Many of us have had extra time to: reflect, recall, and ponder, during these last few months. I have spent some time thinking about those who have influenced me for good. This is a deliberate activity to counteract my natural bent to thinking about those who may have harmed me.
One of the most positive of influences was a most humble man. I met Jake when I first was asked to preach at the Gospel Church in our new community of Elkhorn, Manitoba. This was the first of many preaching engagements there as I preached once or twice a month for years! Jake was from a Mennonite background and though he was affiliated with this Gospel Church was still a ‘cultural’ Mennonite, holding all the values and most of the traditions of that historic community of Jesus followers.
Jake was like his friend Jesus, a carpenter but he was like Jesus in many more ways than that! Not long after our first encounter Jake invited me to join him in an outreach to the men of the Brandon Correctional Centre. For years Jake had been taking a team there each month. He was careful who to invite, his standards were high. For some reason I passed the test and soon I was privileged to be a regular member of the team. This team included Jake’s wife Nettie, a gospel band (usually a bluegrass band) and a preacher. Through Jake I met more than a few Christian Bands and with Jake made our own attempt to start our own Gospel Jamboree at our Centre in Elkhorn.
Jake was not a preacher nor was he a musician or singer. He was a humble man on a mission. He was energetic for the Gospel and had a deep passion to see people find faith and hope in his friend, Jesus. In Jake I saw an example of what God could and would do through someone who was committed to Jesus and who was not looking for credit. Jake never ‘blew his own horn’ but always encouraged others to step out in ministry. In my own halting way, I have tried to follow his example.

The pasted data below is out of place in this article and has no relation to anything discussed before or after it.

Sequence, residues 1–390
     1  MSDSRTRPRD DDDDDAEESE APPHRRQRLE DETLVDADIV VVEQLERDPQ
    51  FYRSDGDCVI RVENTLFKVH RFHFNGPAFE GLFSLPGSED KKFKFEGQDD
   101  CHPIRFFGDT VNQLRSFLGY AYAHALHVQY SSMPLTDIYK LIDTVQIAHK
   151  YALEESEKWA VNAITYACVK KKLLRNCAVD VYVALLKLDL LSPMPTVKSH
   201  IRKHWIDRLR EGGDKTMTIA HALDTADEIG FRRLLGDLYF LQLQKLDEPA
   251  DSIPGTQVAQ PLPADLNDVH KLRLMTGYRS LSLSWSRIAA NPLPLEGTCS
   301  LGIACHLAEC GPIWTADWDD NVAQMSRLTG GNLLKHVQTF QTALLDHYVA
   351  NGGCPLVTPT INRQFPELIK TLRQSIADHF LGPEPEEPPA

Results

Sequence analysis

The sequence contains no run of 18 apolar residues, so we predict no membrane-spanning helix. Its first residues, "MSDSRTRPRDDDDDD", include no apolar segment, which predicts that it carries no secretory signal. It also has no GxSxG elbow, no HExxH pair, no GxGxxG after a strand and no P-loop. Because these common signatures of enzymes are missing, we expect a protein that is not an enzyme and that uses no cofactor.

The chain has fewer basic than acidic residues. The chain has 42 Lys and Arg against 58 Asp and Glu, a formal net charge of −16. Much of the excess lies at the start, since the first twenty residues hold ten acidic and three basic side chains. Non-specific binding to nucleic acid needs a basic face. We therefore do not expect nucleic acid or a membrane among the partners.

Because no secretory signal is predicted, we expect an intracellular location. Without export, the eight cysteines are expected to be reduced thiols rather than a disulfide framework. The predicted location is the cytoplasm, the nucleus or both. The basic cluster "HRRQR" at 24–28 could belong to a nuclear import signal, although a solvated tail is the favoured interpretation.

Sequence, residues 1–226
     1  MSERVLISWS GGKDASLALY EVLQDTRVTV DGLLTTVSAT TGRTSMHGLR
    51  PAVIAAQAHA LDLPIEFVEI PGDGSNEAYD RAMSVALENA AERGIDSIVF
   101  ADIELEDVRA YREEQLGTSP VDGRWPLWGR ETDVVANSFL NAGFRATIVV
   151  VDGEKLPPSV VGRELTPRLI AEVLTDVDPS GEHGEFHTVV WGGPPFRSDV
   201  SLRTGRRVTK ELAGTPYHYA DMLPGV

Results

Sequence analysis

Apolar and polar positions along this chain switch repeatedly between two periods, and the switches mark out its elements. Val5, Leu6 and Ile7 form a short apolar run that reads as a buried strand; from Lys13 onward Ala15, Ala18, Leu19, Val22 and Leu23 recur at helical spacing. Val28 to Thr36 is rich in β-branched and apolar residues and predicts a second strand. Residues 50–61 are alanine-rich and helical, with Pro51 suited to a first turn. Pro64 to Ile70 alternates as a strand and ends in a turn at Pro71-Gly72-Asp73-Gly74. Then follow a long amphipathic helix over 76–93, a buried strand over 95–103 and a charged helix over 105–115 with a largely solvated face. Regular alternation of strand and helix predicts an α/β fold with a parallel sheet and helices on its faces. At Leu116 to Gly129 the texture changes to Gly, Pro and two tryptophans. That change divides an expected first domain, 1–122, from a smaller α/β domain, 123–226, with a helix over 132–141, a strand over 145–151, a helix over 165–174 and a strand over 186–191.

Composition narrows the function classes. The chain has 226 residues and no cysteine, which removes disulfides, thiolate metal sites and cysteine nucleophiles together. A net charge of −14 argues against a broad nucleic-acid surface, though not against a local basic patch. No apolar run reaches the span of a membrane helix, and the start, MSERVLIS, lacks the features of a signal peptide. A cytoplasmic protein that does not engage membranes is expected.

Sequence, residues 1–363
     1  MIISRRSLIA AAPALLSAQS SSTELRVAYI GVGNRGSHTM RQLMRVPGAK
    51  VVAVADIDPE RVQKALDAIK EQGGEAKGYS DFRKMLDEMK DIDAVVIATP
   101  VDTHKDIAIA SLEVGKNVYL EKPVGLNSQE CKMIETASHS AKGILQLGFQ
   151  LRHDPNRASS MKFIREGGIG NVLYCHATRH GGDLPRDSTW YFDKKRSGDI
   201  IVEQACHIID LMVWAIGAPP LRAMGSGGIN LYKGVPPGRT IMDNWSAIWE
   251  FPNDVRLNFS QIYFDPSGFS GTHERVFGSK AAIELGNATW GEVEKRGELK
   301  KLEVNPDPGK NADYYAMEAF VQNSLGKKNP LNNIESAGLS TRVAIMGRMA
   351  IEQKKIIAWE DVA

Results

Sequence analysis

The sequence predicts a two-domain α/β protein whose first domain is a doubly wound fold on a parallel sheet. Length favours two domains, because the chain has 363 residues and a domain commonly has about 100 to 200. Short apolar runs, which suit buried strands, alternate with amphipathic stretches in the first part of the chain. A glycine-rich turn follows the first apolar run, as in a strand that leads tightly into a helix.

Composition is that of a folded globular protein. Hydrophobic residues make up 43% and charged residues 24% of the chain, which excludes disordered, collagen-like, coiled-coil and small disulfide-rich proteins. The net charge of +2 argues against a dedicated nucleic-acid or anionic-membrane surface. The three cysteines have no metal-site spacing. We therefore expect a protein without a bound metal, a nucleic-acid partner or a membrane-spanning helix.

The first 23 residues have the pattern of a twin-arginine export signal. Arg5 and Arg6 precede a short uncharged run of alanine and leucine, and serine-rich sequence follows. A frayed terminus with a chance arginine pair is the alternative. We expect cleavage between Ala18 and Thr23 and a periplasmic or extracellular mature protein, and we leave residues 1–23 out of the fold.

I was thinking of Jake and our times at the Brandon Correctional Centre, and my visits to jails and prisons right across this country, because the topic of “systemic racism” is in the forefront these days. When we would visit that centre upwards to 75% of the imprisoned were First Nation’s people while the population on the streets of Brandon would be more like 10%. I have done enough work in corrections to have a realistic view, so I know most if not all of these people committed crimes. I do not believe for a minute that racist judges or police were the reason for the disproportionate incarceration. I do believe that the larger picture demonstrates that there is something seriously wrong with the system.
I believe the answer is not so simple. How does a nation repent? What is the fruit of such repentance? If we scapegoat police we miss the point. If we dig in and blindly “support” Law and Order we miss the point. The answer is not in denial nor is it in tinkering but the messy business of recognizing and humbly addressing a justice “system” whose fruit seems unjust.
I usual try to avoid political controversy. People of all political stripes need Jesus and that is my primary concern, but some topics stir me, and I cannot help but share.